The competency sought for many manufacturing operations--reading graphs and charts or performing high-school-level math--is fairly basic. "These are skills that people can absorb relatively easily," says Michael Handel, associate professor of sociology at Northeastern University in Boston.
It’s the lower-level workers, however, who have made economic gains over the last several years, according to the Economic Report of the President, issued annually to Congress. Since 2000, the real earnings of workers with a bachelor’s degree have fallen, while those of high school graduates have increased.
"Such results would suggest that, since 2000, the supply of college graduates (typically labeled ‘skilled workers’ in this debate) has grown faster than employers’ need for them and that the supply of high school graduates (‘less skilled workers’) has not kept up with demand," Lawrence Mishal and Jared Bernstein wrote in an Economic Policy Institute analysis. "Policymakers and ‘futurists’ predicting a shortage of skilled labor need to be aware of this reversal in the college premium, especially since it contradicts their explanation of evolving skill demands."
Addressing the needs of lower-skilled workers requires business and government to work together, according to Microsoft. At the annual meeting of the National Association of Workforce Boards in Washington last month, Passman announced that the company is launching a public-private alliance to create a comprehensive U.S. workforce development strategy. The workforce boards, composed of local business and political representatives, oversee federal training centers.
A major obstacle to business and government cooperation is a lack of communication. The National Association of Manufacturers’ "Skills Gap Report" indicates that 33 percent of the 800-plus companies surveyed had never heard of the government workforce system, while 26 percent had never been contacted by it.
"Not enough employers are aware of the federal programs that are available," says Richard Kleinert, a principal at Deloitte Consulting, which helped conduct the NAM survey. "There’s an awareness gap that needs to be bridged."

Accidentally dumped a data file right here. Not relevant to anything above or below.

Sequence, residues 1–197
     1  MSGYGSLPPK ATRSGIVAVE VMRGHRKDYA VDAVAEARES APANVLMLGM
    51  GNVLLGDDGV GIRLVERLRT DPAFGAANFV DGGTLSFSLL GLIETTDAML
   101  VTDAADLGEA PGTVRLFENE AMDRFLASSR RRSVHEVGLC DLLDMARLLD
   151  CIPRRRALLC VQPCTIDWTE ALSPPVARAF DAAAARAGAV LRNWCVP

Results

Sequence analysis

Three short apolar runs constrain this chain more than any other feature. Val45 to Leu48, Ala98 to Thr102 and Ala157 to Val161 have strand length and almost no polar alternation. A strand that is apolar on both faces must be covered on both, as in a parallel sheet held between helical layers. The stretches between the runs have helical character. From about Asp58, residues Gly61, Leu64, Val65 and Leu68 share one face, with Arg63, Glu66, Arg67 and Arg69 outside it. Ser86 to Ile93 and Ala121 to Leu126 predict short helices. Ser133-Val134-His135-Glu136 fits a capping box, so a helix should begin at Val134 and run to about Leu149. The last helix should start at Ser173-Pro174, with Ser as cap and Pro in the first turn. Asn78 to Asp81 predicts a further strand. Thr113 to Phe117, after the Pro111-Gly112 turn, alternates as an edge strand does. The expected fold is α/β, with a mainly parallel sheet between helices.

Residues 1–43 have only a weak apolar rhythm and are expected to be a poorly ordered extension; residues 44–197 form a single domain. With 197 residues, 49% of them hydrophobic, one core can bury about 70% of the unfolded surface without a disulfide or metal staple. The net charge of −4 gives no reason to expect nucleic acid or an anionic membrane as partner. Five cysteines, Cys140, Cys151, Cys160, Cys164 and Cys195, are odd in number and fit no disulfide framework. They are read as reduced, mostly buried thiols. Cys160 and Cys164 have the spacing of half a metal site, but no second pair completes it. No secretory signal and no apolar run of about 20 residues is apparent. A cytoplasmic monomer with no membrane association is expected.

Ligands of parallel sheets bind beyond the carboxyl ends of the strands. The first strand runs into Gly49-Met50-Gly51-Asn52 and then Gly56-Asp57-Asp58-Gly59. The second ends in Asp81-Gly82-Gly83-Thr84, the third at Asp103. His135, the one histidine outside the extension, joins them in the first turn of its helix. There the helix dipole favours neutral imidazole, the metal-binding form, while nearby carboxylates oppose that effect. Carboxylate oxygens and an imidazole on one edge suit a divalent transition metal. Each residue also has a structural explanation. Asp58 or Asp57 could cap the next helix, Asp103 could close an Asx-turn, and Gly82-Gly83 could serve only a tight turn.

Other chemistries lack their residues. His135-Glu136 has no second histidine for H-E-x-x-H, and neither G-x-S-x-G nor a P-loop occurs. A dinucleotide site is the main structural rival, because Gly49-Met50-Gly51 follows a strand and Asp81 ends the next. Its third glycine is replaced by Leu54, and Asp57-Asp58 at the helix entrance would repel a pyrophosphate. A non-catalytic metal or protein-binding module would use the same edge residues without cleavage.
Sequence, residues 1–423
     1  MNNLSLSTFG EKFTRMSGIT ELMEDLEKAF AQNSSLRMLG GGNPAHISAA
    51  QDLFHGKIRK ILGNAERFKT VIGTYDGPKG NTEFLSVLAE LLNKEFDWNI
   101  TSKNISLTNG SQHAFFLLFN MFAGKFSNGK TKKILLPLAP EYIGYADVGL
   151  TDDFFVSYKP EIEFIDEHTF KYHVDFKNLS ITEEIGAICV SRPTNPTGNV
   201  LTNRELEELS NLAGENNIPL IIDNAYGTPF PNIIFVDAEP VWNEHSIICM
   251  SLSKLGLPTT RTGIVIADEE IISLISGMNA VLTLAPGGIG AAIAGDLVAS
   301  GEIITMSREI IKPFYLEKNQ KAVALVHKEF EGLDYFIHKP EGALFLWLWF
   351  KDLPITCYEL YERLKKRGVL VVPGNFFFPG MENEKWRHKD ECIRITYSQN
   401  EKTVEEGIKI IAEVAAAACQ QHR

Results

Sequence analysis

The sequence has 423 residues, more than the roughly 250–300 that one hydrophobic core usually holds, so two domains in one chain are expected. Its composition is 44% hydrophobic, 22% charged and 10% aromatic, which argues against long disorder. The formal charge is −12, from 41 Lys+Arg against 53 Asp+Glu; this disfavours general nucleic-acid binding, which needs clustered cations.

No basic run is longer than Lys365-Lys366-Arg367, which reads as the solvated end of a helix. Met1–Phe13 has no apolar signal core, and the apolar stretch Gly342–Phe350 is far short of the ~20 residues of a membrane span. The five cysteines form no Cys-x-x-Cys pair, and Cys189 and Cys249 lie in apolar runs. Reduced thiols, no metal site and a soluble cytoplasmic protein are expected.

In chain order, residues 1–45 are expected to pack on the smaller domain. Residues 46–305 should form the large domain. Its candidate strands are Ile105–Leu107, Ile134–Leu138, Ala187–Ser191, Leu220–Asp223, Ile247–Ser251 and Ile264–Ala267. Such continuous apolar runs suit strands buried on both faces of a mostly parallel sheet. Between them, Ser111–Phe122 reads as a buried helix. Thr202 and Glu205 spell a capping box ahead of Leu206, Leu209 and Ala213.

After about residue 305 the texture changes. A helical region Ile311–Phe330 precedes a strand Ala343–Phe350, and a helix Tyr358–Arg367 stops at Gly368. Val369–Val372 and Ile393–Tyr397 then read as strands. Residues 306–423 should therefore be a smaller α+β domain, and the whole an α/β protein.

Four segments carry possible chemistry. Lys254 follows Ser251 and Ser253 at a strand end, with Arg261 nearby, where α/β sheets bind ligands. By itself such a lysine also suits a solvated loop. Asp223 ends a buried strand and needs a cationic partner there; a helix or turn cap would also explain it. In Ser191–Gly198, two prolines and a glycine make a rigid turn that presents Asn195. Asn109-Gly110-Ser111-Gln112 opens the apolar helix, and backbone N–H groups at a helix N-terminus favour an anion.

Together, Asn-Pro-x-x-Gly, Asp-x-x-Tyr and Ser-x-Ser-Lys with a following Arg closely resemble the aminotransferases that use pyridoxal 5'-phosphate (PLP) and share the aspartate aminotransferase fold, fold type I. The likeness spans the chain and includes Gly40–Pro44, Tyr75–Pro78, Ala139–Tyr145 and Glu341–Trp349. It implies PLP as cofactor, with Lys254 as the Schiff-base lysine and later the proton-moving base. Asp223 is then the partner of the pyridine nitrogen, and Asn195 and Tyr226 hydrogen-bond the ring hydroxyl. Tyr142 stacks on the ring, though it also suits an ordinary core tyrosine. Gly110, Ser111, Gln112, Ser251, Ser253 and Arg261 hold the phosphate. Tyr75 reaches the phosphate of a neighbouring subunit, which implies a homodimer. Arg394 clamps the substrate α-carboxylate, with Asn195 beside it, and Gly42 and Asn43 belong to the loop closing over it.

The Bush administration is trying to highlight workforce training. In November, the Department of Labor launched the $195 million Workforce Innovation in Regional Economic Development (WIRED). The program provides technical and financial assistance to areas in which business, academia and government are cooperating to upgrade the local economy.
Economic development organizations from throughout the country had to submit proposals by January 5, putting the 93 applicants into overdrive through the holidays. The 13 winners of three-year, $15 million grants were announced February 1, one day after President Bush unveiled the competitiveness initiative in his State of the Union address.
The funding is a boon to Kokomo, Indiana, whose manufacturing economy is based in large part on the faltering auto parts supplier Delphi Corp. If the company shuts down its operations, it could devastate the community.
As part of the North Central Indiana Transformation Network, Kokomo is set to benefit from WIRED funding that will support new industries, such as advanced manufacturing and materials, agribusiness and food processing.
Retooling autoworkers with new skills is a priority. "We can’t sit idly by and watch their standard of living decline," says Kokomo Mayor Matt McKillip. The federal workforce grant "is clearly something the governor (Mitch Daniels) and I can point to and say we’ve got $15 million to retrain workers so that they’ll be gainfully employed as the economy of Kokomo transforms."
Deborah Wince-Smith, president of the Council on Competitiveness, calls the WIRED initiative a breakthrough because of its emphasis on talent. "It’s treating job skill development as integral to economic development," she says. The council is a nonprofit organization that seeks to keep the issue of competitiveness on Washington’s policy agenda. It comprises industrial, university and labor leaders.
The private sector, too, needs to change its mind-set about training. "The strong emphasis on training seems to be specific skills for a specific job that you’re in today, as opposed to a larger workforce development focus," Deloitte’s Kleinert says.
That kind of just-in-time approach produces a poor return on the approximately $70 billion that the private sector spends annually to upgrade skills. "Employers need to take a more holistic view of training," says Richard Lamond, senior vice president and chief human resources officer at Spherion Corp. He urges companies to focus training on problem-solving skills that transcend any one particular job.
Ultimately, business and government need to stress that higher salaries come through better skills. Students "have a very vague idea of what the real world of work is," Mandel says. "It’s remarkable how little integration there is between schools and their customers--employers."
Workforce Management, March 13, 2006, pp. 46-49 -- Subscribe Now!